I tried another Epic 40K Portable Wargame this afternoon, once again pitting those renegade Imperial Guard against some heroic Space Marines. I decided to try out some thoughts on the damage effect roll I'd initiated in my previous post. I like the Sudden Death option for this style of game, as it makes the 40K world fast and deadly, as it should be. But I wanted to fine-tune it a little for different troop types.
I rated each unit as having either 2, 3 or 4 strength points, basically as in the normal rules. A unit increased its strength by 1 if it was elite and reduced it by 1 if it was poor. This gave a range of 1-5 strength points.
When a unit is hit it rolls a D6 for the effect. If the score is equal to or less than its strength then the unit retreats 1 space. If it can't retreat then it is destroyed (but I allow diagonal retreats - if the unit can legally move into one of the spaces to its side, and then straight back it can do so). If the unit rolls greater than its strength, then it is simply destroyed.
This is basically the same as in the existing rules, with a simple +1/-1 factored in for the unit's strength. But it's easier to remember and resolve.
Both forces consisted of 36 strength points.
The Marines had: 6 x Infantry (at 5SP each) and 2 x Tanks (at 3SP each)
The Guard had: 4 x Infantry (3SP), 4 x Tanks (3SP), 1 x Super-Heavy Tank (4SP), 1 x Cavalry (3SP) and 2 x Artillery (2SP). In fact that was only 35SP, so I should check my arithmetic in future.
Exhaustion was 12SP for each side.
The Super-Heavy Tank had a starting strength of 4SP, a move of 2 and a range of 4. Working out rules for Big Things like this is on my to-do list.
I placed two ruins towards the centre of the board, then randomly placed more terrain. Both sides would enter from opposite sides, from any of the centre four squares on their edge. Victory went to whoever controlled the ruins after ten turns.
Here's the position at the end of the second turn. The Guard had got most of their forces on the board, and already taken out one of the Marines' tanks, but the lively duel was developing on the right-hand side. On the left of the picture the Marines had occupied a ruin.
The Guard pushed their tanks forward in the centre. I scrapped the rules that infantry and cavalry couldn't harm tanks, but they did take a -1 when firing at them. I think this balances them up nicely for this genre, taking into account the fact that the infantry do tend to have access to some portable AT weapons. Infantry close-assault tanks at full strength.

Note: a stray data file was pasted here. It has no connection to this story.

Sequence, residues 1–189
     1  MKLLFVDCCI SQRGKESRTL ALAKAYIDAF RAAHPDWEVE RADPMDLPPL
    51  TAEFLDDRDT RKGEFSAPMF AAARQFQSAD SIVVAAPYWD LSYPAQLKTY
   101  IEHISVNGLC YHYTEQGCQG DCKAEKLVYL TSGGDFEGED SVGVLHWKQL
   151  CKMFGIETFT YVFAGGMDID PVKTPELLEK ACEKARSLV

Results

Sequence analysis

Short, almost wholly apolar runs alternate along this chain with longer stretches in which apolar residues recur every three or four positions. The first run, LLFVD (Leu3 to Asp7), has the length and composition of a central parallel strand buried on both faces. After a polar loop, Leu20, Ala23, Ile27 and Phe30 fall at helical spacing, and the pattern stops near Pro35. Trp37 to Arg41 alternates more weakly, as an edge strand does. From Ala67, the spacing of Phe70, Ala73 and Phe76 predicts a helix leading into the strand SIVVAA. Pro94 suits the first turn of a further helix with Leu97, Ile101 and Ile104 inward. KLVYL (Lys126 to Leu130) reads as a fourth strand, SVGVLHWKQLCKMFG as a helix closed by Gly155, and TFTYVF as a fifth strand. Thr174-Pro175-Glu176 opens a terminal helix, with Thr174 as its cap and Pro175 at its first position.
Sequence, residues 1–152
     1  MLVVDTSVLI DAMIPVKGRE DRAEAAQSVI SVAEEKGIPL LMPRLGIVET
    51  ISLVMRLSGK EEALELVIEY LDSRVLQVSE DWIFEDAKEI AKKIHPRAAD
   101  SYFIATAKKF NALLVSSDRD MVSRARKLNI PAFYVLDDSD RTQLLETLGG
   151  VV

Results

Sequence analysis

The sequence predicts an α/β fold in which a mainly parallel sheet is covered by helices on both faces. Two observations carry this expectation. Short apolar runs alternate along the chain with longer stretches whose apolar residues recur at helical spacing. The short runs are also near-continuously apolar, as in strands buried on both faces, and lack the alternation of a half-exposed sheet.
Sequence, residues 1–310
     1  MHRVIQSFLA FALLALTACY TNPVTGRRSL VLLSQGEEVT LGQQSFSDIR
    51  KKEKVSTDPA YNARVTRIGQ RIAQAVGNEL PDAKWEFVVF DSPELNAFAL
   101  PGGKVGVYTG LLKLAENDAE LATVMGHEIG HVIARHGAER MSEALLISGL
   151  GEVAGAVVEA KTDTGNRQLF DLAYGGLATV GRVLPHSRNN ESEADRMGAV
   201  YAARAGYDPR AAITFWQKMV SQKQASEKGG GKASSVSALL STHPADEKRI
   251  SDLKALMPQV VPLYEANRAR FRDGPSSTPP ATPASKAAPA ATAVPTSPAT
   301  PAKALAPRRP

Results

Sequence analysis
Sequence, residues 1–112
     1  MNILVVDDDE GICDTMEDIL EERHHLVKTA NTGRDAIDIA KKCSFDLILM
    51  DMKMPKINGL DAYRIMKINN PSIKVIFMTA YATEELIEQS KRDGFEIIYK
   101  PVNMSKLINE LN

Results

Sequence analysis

The Marines pushed forward aggressively in response. They could afford to do this because, if hit, they are only destroyed on a '6', retreating otherwise. Their push destroyed the Guard tank holding the ruins, so that by about Turn 4 the Marines held both objectives.
The Guard had numbers on their side, though, and were able to assault the Marines in the ruins relentlessly. Artillery drove them out, and waves of infantry destroyed them. This highlighted the downside of the Marines; each unit lost counts far more towards their exhaustion point than those of the Guard. With two tanks and some infantry lost, the Marines were close to breaking.
The position about halfway through the game.
As the Marines tried to retake the ruins they had lost, the Guard used their numbers to flank them. Despite this the Marines did briefly reoccupy the objective, but I'd made a tactical error in sequencing; they did so before the Guard took any actions that turn, and the Guard used their artillery to drive the Marines straight back out again. Had the Marines held off for a couple of activations, the Guard would have either committed their artillery elsewhere, or been forced to forgo its use for that turn.
The super-heavy tank was now in action. The artillery shelled the other ruins, and the Marines in them died to a man. This broke their army, forcing them to break off offensive operations.
I played out the rest of the turn. The Guard occupied the second area of ruins, whilst the Marines made a steady withdrawal.
One unit found itself surrounded, but resisted all attacks.
The position at the end of the game. It had lasted eight of the ten allotted turns. The Guard could afford to sit tight since the Marines couldn't push forward and take back either of the objectives. Guard losses were two tanks; their infantry seemed to be impossible to hit.
I was quite pleased with how the game played out, and feel content sticking to my dice-based initiative system, which forced some interesting decisions on both sides. I might try a couple more games with these somewhat conventional forces, before trying out something more exotic.